Microbiology and Immunology

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ATP hydrolysis-coupled peptide translocation mechanism of ClpB.

TitleATP hydrolysis-coupled peptide translocation mechanism of ClpB.
Publication TypeJournal Article
Year of Publication2018
AuthorsYu H, Lupoli TJ, Kovach A, Meng X, Zhao G, Nathan CF, Li H
JournalProc Natl Acad Sci U S A
Volume115
Issue41
PaginationE9560-E9569
Date Published2018 10 09
ISSN1091-6490
KeywordsAdenosine Triphosphate, Bacterial Proteins, Endopeptidase Clp, Hydrolysis, Mycobacterium tuberculosis, Protein Domains, Protein Transport
Abstract

The protein disaggregase ClpB hexamer is conserved across evolution and has two AAA+-type nucleotide-binding domains, NBD1 and NBD2, in each protomer. In (), ClpB facilitates asymmetric distribution of protein aggregates during cell division to help the pathogen survive and persist within the host, but a mechanistic understanding has been lacking. Here we report cryo-EM structures at 3.8- to 3.9-Å resolution of ClpB bound to a model substrate, casein, in the presence of the weakly hydrolyzable ATP mimic adenosine 5'-[γ-thio]triphosphate. ClpB existed in solution in two closed-ring conformations, conformers 1 and 2. In both conformers, the 12 pore-loops on the 12 NTDs of the six protomers (P1-P6) were arranged similarly to a staircase around the bound peptide. Conformer 1 is a low-affinity state in which three of the 12 pore-loops (the protomer P1 NBD1 and NBD2 loops and the protomer P2 NBD1 loop) are not engaged with peptide. Conformer 2 is a high-affinity state because only one pore-loop (the protomer P2 NBD1 loop) is not engaged with the peptide. The resolution of the two conformations, along with their bound substrate peptides and nucleotides, enabled us to propose a nucleotide-driven peptide translocation mechanism of a bacterial ClpB that is largely consistent with several recent unfoldase structures, in particular with the eukaryotic Hsp104. However, whereas Hsp104's two NBDs move in opposing directions during one step of peptide translocation, in Mtb ClpB the two NBDs move only in the direction of translocation.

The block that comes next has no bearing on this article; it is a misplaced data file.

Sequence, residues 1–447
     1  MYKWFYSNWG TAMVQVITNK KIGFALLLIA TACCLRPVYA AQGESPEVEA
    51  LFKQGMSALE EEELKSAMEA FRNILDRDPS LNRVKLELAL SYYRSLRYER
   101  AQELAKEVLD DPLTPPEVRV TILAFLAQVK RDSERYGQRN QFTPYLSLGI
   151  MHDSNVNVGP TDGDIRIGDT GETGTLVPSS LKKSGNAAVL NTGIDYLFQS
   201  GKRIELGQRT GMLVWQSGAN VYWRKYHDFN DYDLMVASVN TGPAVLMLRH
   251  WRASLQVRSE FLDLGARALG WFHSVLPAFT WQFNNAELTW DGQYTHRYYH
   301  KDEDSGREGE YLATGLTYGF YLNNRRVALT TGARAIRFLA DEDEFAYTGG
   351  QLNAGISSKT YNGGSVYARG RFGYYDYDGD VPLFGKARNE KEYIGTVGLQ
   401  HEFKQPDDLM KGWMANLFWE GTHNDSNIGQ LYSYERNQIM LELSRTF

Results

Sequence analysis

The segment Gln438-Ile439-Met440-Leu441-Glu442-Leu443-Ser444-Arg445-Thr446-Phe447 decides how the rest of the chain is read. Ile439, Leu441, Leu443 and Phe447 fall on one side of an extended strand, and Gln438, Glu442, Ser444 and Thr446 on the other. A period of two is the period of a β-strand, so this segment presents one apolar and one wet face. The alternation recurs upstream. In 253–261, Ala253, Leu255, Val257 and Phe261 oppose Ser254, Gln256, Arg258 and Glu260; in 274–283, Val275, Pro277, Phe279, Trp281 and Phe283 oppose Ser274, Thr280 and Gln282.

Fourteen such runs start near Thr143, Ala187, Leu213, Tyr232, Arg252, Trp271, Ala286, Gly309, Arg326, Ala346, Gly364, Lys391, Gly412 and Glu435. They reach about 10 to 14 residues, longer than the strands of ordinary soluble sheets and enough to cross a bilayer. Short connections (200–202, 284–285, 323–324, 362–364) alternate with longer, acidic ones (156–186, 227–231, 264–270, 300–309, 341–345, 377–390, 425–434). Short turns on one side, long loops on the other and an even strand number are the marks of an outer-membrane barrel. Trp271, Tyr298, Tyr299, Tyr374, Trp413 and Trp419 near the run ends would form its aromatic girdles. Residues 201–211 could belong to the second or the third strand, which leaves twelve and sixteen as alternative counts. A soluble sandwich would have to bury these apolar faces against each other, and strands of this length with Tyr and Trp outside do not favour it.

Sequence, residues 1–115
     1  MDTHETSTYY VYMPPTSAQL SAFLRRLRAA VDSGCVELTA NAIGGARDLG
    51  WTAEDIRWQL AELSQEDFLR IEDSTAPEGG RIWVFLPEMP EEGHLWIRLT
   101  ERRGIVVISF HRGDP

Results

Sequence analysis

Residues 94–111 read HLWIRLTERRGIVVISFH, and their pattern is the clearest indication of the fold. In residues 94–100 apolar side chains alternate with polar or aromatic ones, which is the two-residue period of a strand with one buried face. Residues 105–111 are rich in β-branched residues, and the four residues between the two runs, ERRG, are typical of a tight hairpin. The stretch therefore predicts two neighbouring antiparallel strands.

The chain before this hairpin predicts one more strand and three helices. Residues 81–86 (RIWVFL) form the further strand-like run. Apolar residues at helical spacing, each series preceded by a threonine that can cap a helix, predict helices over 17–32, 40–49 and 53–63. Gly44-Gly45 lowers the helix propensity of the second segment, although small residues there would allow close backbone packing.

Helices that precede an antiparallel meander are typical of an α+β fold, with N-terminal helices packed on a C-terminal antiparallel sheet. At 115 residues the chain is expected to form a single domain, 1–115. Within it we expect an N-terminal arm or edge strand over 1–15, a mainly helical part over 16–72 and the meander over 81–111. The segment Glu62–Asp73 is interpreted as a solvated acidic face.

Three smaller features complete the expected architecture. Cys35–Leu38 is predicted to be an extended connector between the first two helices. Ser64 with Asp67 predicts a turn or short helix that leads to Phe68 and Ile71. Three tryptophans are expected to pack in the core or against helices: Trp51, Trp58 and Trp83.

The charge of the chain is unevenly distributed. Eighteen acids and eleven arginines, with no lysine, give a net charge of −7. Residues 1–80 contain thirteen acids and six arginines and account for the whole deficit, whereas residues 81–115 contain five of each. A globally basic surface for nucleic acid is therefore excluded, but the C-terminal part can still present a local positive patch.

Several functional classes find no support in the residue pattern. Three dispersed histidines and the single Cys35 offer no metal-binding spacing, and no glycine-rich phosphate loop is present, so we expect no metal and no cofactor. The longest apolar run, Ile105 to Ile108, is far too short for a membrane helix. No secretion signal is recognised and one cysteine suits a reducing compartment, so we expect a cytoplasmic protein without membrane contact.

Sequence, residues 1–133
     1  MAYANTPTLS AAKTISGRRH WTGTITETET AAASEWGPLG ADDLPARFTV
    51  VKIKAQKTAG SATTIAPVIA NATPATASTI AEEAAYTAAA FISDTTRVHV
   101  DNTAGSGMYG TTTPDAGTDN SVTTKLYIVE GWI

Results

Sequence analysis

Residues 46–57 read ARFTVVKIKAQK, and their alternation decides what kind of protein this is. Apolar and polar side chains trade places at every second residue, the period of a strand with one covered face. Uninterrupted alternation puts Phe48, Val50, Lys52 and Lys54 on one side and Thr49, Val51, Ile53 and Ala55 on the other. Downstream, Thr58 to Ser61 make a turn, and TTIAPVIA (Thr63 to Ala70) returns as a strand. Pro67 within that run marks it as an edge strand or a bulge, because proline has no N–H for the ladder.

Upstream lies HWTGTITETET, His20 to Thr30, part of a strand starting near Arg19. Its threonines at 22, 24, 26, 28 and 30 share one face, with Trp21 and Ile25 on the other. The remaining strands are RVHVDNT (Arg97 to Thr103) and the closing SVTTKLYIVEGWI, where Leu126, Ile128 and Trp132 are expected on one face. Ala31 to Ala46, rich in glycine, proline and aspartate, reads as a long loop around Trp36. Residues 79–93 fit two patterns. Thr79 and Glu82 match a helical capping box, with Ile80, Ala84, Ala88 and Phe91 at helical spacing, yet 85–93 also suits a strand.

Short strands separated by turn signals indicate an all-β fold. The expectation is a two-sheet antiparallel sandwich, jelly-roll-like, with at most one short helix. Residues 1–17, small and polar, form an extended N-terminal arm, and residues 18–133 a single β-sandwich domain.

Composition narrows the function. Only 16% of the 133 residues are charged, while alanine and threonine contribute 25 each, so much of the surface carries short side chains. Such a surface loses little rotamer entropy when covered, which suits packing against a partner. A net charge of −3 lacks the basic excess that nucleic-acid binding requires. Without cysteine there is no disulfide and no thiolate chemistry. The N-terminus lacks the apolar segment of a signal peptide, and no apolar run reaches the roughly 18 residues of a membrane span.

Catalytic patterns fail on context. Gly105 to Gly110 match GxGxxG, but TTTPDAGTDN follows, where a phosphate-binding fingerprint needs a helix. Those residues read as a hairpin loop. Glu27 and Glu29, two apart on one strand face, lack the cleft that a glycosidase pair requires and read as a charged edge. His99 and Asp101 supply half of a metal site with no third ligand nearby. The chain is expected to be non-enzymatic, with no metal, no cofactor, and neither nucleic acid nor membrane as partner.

DOI10.1073/pnas.1810648115
Alternate JournalProc. Natl. Acad. Sci. U.S.A.
PubMed ID30257943
PubMed Central IDPMC6187150
Grant ListR01 AI070285 / AI / NIAID NIH HHS / United States
U19 AI111143 / AI / NIAID NIH HHS / United States

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